This Dioula-French-English-German dictionary is the result of much effort on the part of members of the community and those who came alongside them.

Some people describe Dioula as a simpler language or trade language of Bambara while others say that Dioula is related to Bambara as American English is related to British English. Some consider Dioula, Bambara and Malinke as the same language, implying that Dioula describes the same language in Côte d'Ivoire and in Burkina Faso and that Bambara and Malinke are names for the same language used in Mali. But, linguists consider each one as a distinct language, clearly identified as three languages of the Mandé family. Dioula is spoken by around 12 million people, 3 million of them live in Burkina Faso, the rest in the neighbouring countries.

For most speakers in the southwest of Burkina Faso, the Dioula language is not their mother tongue, but is spoken readily in their daily life with people of other ethnic groups. It is very important as a trade language.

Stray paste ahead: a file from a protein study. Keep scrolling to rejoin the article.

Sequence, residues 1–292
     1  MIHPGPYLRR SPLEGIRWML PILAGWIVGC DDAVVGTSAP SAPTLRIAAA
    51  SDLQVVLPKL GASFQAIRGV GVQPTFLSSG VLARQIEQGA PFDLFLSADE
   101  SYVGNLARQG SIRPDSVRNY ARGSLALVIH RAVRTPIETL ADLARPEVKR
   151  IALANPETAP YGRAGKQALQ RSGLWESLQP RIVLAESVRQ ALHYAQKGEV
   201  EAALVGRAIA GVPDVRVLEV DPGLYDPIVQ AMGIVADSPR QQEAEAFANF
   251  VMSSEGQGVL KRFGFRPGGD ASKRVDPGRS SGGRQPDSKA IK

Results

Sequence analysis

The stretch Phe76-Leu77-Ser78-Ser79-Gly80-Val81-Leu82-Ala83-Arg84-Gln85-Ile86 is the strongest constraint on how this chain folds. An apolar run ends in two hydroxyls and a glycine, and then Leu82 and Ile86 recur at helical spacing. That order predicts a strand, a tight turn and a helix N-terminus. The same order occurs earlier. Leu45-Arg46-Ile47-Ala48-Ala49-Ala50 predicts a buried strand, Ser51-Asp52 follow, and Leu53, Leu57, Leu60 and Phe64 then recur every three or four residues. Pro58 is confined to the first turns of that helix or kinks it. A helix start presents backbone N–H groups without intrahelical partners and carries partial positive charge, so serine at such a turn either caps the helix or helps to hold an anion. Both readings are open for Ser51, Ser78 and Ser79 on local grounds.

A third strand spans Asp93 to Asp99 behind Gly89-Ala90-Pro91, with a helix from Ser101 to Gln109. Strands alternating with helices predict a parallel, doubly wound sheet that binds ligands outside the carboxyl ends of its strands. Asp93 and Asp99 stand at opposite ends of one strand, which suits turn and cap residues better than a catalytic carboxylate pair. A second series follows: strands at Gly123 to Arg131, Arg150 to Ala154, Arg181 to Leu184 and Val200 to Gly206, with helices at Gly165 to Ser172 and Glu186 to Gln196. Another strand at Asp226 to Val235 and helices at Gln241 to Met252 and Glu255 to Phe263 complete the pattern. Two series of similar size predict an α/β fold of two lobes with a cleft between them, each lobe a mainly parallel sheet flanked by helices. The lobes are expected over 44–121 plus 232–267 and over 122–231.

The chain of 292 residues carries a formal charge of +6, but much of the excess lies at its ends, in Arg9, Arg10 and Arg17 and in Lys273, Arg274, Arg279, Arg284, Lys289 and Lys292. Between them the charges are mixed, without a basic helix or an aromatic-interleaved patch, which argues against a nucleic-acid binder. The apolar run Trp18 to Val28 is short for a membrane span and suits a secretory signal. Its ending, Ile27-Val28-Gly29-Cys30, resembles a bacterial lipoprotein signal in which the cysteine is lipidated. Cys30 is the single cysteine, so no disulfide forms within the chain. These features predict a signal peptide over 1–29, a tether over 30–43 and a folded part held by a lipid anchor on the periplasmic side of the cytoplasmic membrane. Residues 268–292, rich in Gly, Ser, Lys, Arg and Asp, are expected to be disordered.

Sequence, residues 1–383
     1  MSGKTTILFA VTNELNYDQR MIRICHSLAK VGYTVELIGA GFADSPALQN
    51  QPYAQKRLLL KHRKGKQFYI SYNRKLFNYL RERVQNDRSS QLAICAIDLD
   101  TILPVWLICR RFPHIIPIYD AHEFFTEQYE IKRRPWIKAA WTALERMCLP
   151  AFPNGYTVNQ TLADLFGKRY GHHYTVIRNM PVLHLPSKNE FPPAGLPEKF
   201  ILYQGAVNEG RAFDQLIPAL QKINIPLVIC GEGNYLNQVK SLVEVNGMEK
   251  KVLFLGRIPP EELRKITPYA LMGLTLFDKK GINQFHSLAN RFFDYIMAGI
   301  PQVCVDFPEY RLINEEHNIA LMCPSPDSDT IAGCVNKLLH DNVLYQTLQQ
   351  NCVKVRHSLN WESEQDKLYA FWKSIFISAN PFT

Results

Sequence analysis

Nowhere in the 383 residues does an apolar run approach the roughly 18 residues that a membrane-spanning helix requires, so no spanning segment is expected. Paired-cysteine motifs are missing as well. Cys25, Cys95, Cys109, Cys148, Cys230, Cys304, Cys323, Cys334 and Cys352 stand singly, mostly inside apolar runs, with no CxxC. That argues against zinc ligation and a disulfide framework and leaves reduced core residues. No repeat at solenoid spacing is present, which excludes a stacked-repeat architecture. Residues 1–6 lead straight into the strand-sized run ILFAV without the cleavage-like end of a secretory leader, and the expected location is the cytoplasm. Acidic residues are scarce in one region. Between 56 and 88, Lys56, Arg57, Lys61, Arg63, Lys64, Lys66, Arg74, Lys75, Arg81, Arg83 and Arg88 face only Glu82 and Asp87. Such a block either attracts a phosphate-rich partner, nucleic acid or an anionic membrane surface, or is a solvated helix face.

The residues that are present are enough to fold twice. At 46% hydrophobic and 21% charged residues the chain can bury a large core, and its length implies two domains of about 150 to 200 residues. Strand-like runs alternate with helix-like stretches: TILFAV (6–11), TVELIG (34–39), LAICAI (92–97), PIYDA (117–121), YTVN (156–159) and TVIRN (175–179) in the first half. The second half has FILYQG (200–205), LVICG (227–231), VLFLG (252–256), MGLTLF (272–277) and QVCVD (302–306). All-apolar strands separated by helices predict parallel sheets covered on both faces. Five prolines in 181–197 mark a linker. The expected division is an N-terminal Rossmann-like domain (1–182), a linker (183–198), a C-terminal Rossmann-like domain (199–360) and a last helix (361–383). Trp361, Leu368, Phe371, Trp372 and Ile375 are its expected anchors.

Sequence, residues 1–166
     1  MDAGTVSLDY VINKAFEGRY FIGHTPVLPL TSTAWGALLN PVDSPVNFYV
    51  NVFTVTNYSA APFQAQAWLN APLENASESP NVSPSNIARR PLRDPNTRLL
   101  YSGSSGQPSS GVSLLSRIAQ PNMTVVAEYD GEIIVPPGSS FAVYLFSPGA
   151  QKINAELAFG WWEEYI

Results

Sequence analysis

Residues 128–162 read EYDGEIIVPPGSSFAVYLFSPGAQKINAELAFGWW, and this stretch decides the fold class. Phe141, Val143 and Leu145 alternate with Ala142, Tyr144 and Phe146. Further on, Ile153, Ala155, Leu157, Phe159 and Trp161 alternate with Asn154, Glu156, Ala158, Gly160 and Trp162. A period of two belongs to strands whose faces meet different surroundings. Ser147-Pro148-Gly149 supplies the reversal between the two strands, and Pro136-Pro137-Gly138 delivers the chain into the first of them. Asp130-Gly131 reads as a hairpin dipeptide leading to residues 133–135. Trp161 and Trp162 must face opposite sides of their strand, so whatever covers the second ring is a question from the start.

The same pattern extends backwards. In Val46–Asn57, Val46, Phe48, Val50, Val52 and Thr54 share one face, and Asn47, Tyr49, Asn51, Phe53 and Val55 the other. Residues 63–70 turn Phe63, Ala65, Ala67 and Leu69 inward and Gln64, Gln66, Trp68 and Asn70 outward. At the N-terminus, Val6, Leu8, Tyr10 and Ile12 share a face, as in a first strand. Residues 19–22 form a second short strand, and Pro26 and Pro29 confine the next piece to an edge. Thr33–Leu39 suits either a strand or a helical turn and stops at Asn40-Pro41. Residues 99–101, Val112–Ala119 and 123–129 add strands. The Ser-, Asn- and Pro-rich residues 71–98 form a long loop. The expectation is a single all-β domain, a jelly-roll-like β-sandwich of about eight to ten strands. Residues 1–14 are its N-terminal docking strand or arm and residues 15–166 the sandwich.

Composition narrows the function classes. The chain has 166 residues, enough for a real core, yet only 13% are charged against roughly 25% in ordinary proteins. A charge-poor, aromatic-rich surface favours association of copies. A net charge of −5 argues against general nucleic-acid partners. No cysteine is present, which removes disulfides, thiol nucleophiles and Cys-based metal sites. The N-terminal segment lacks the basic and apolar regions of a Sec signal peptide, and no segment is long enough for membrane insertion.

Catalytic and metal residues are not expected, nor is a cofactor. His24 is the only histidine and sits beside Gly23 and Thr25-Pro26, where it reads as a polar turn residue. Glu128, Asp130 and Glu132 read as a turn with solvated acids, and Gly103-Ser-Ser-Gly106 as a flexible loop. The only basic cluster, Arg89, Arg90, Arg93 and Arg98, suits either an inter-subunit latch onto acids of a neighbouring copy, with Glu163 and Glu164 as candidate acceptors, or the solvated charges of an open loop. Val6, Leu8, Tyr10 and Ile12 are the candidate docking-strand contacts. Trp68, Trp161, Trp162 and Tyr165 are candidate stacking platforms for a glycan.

In Burkina Faso, the Dioula alphabet has 28 letters each symbolizing a single sound (phoneme). In the orthography, the long vowels are represented by two consecutive vowels. For example, /e/ is written "e" and /eː/ is written "ee". The nasalization of a vowel is shown with an "n" after the vowel. For example, /ẽ/ is written "en".

Tons are not written on vowels except in lexical documents. However, in certain cases, vowels will be shown with their tone marks to avoid ambiguity.
For example:

  • "a" him/her
  • "á" you (pl.)